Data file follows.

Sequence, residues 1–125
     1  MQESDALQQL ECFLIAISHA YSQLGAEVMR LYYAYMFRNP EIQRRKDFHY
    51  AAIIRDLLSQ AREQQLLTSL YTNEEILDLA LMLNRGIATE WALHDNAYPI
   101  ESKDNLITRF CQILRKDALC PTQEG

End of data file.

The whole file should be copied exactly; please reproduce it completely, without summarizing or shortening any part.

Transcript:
Sequence, residues 1–125
     1  MQESDALQQL ECFLIAISHA YSQLGAEVMR LYYAYMFRNP EIQRRKDFHY
    51  AAIIRDLLSQ AREQQLLTSL YTNEEILDLA LMLNRGIATE WALHDNAYPI
   101  ESKDNLITRF CQILRKDALC PTQEG